"Deep outlet glaciers around both major ice sheets are accelerating and thinning means warm water has reached them," Bindschadler said. "I see no process to reverse this and expect increased ice sheet discharge to continue and probably to spread with the result being further accelerations to sea level rise."

"Understanding just how significant these rapid losses are to the overall ice sheet balance requires a comprehensive look at melt, accumulation and flow characteristics over the entire ice sheet," said Waleed Abdalati, head of the Cryospheric Sciences Branch at Goddard. "Various satellite and aircraft observations are providing this critical information and are shaping our understanding of Greenland’s behavior. The story is still unfolding, but the dramatic changes at the margins are quite striking."

The evidence is clear to Bindschadler that increased snowfall predicted in a warmer climate can’t possibly keep up.

While it is true that the piece is opinion, it fits previously disconnected pieces of the climate and ice puzzle together and attempts to draw conclusions. The conclusions cannot be verified without new measurements, and NASA is compiling them with satellites like ICESat. ICESat enables scientists to precisely measure changes in the elevation of ice and snow on glaciers and ice sheets as they respond to a changing climate.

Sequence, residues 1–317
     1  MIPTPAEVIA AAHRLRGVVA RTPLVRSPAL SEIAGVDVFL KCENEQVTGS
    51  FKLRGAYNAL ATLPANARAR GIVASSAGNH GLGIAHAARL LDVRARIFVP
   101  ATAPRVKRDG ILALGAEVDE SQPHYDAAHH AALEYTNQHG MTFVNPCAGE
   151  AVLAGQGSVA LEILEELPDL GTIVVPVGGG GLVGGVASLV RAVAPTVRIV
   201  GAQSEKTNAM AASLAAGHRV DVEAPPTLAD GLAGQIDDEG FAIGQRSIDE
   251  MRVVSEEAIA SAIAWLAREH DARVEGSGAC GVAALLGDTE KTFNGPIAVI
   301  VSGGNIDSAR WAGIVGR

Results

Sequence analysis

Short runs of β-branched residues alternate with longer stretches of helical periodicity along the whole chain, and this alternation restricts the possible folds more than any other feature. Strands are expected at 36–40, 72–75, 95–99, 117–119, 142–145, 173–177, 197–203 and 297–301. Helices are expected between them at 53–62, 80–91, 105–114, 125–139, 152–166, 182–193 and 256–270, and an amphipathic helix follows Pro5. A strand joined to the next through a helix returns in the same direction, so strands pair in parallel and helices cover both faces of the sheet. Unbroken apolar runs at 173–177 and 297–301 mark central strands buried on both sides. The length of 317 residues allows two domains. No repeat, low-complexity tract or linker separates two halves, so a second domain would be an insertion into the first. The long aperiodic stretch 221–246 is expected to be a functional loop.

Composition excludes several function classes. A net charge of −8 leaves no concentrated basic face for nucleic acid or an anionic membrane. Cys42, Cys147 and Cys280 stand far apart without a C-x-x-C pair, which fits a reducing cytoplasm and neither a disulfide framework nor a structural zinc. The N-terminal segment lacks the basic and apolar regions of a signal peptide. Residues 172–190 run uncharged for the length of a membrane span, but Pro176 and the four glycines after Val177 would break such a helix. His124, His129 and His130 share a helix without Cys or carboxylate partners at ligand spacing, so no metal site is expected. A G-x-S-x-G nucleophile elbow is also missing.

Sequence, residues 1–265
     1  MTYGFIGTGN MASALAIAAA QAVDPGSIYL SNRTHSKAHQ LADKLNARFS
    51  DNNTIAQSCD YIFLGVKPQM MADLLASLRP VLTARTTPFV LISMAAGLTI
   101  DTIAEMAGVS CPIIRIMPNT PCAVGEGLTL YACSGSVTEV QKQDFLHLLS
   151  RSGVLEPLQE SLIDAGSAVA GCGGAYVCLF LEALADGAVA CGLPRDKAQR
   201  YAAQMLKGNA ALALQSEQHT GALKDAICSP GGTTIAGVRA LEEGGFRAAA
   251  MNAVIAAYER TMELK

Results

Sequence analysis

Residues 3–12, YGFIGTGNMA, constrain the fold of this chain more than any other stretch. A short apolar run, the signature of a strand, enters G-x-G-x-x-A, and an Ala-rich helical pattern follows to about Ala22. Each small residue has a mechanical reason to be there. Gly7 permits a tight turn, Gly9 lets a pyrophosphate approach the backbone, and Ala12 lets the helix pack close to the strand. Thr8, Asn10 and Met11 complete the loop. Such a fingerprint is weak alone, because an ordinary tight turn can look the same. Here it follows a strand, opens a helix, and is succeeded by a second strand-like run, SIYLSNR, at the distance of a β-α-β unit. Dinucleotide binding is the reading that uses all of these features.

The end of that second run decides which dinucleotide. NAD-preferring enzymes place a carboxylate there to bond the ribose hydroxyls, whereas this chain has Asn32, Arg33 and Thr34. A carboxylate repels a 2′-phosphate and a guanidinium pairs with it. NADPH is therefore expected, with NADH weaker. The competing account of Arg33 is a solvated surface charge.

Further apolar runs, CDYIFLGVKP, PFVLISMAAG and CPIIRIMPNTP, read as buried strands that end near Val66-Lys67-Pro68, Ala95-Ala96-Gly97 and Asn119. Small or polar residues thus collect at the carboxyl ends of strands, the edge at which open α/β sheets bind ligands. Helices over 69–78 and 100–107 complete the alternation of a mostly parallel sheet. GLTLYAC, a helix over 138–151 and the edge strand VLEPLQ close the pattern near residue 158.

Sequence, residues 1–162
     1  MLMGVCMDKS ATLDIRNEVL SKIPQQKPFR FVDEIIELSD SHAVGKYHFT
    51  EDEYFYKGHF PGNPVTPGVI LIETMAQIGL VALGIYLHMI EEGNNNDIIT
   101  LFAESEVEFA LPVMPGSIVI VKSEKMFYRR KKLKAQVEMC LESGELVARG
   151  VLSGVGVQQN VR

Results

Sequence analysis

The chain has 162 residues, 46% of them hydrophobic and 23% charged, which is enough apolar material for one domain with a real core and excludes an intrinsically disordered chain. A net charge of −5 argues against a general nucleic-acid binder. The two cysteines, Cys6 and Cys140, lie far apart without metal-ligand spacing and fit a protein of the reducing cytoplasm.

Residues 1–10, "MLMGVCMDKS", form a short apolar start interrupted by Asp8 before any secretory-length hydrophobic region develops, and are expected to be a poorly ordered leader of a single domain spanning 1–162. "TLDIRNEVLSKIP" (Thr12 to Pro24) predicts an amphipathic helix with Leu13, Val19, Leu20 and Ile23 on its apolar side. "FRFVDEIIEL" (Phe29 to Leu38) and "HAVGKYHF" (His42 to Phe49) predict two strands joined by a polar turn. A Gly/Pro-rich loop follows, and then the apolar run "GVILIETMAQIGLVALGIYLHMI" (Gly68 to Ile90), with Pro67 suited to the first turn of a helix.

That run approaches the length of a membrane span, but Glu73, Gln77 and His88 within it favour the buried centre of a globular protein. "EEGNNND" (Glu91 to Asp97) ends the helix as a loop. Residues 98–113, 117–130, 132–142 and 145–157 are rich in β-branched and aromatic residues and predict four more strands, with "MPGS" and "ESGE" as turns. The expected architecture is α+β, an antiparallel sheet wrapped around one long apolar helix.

In an effort to understand these changes, NASA continues to monitor sea surface temperatures; and, the behavior of glaciers and ice sheets around the world.

Bindschadler said as sea ice diminishes over time in the Arctic and parts of the Antarctic, warmer waters in polar areas will come closer to the surface. They will reach shallower tidewater glaciers, and increase melting at their bases triggering additional ice flow into the oceans. Over time, the warmer waters also will move northward along Greenland’s coasts initiating acceleration and thinning of additional glaciers, leading to additional sea level rise.

Rob Gutro | EurekAlert!
Further information:
http://www.nasa.gov
http://www.nasa.gov/centers/goddard/news/topstory/2006/ice_puzzle.html

More articles from Earth Sciences:

nachricht New research calculates capacity of North American forests to sequester carbon
16.07.2018 | University of California - Santa Cruz

nachricht Scientists discover Earth's youngest banded iron formation in western China
12.07.2018 | University of Alberta

All articles from Earth Sciences >>>

The most recent press releases about innovation >>>

Die letzten 5 Focus-News des innovations-reports im Überblick:

Im Focus: First evidence on the source of extragalactic particles

For the first time ever, scientists have determined the cosmic origin of highest-energy neutrinos. A research group led by IceCube scientist Elisa Resconi, spokesperson of the Collaborative Research Center SFB1258 at the Technical University of Munich (TUM), provides an important piece of evidence that the particles detected by the IceCube neutrino telescope at the South Pole originate from a galaxy four billion light-years away from Earth.